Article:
Fully Human Work Env. LO6692

Terri Deems (tdeems@unlgrad1.unl.edu)
Sun, 14 Apr 1996 22:24:39 -0500 (CDT)

Dear Group,

I am embarking on my dissertation research, and want to ask your help
(already, I see some of you cringe--better just delete this now :') I'll
be sending this to multiple lists, so my apologies if you receive this
more than once.

My first step is to find national/international organizations that are
working to create a more "fully human" work environment. By this I am
thinking of organizations that seem to have cultivated a deep social
consciousness, directed both inwardly and outwardly to the broader
community. Such organizations are referred to differently in different
literatures: natural, vital, developmental, spiritual, mindful, conscious,
transformed, value-directed, to name but a few.

My "criteria" for such companies is ill-formed (but will become better
formed as I look at more actual organizations, I think) but some
characteristics include a pervasive sense of creative energy, joy and
pride in work, of respect for others, reverence for life and for
community/connectedness, an awareness that profits are not an end in
themselves but rather a means to an end, and a clear concern--especially
from the "top" (of which there isn't much!)--for how workers experience
and make meaning of work.

Of the places I've looked at (e.g., Semco), work appears to be organized
and structured from the "bottom" up rather than the top down. Examples of
processes and procedures might include democratic work groups, peer
evaluations, work groups responsible for (or at least playing a major role
in) their own hiring (including mgt and supervisors), "play" labs, full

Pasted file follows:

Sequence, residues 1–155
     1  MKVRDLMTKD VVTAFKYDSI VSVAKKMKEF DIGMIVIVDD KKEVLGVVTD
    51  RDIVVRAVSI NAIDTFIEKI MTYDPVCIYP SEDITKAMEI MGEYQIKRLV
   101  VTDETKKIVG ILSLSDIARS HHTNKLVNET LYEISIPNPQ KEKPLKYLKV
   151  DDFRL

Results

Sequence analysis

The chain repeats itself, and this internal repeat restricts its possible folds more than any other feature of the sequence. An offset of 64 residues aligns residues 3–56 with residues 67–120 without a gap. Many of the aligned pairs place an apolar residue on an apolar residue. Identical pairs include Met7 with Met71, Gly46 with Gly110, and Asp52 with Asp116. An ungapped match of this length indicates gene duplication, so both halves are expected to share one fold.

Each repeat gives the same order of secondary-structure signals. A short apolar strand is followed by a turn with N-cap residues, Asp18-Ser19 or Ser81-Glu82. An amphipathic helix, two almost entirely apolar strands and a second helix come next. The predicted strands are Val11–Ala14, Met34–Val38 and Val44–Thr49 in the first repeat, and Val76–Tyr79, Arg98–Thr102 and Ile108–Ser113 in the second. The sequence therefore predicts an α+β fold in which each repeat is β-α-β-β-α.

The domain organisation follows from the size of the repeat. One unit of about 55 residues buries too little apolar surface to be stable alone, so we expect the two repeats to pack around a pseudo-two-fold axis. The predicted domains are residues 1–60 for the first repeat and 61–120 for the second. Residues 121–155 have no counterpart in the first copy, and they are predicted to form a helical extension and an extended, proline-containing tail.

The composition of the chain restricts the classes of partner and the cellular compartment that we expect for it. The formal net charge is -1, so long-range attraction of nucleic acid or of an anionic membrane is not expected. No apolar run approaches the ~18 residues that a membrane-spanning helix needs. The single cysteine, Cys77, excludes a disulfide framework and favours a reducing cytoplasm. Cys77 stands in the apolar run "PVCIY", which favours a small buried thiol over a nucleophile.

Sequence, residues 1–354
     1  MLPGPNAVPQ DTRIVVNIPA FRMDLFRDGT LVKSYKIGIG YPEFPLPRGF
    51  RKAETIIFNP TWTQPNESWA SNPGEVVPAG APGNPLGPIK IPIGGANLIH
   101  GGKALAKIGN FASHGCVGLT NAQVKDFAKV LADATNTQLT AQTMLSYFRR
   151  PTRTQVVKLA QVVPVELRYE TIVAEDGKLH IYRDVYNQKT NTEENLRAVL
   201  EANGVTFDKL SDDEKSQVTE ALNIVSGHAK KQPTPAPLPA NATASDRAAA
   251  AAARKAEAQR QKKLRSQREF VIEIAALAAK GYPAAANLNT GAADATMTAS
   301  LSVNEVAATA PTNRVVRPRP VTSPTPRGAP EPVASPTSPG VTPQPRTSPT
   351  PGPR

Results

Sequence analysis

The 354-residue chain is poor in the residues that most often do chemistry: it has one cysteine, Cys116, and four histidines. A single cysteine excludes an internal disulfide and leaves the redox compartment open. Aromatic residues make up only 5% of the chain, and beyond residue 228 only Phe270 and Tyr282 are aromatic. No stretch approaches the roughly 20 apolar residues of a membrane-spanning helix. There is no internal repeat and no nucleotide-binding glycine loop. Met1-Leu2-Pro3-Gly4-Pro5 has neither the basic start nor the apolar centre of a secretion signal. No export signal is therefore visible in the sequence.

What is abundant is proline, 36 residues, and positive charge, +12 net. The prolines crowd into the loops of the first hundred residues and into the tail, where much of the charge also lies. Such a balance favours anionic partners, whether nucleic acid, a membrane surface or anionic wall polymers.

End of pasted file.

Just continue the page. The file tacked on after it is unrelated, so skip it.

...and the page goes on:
profit sharing with distribution determined by the group, etc. People
seem not to be afraid of fully engaging with each other within the
workplace, even in conflict. There is little appropriation by management
for how work is conducted, and there exists a keen awareness by mgt of
meanings, values, beliefs, communicated through organizational symbols,
processes, and procedures (I think this is more intuitive than explicit).
Such organizations are highly participatory, and may be considered
"learning organizations," but not all LO's or participatory workplaces
would fall into this category. These organizations may be large or small;
regardless, they hold their own in today's marketplace and are perhaps
exemplars at absorbing--not simply "managing"--change.

My sense is that if you know of such places, my description--vague as it
is--will resonate with you. If you've not run into such places, all of
this will be irrelevant! I would appreciate hearing from anyone who has
run across this type of organization, either first hand or through related
literature. What would be most helpful is if you could provide the
organization's name, and perhaps an address and contact person, if you
know of them.

I will compile the information I receive and would be happy to share that
or my research direction with anyone who is interested--just drop me a

Many, many thanks for your help!

Terri Deems

tdeems@unlgrad1.unl.edu (Terri Deems)

Learning-org -- An Internet Dialog on Learning Organizations For info: <rkarash@karash.com> -or- <http://world.std.com/~lo/>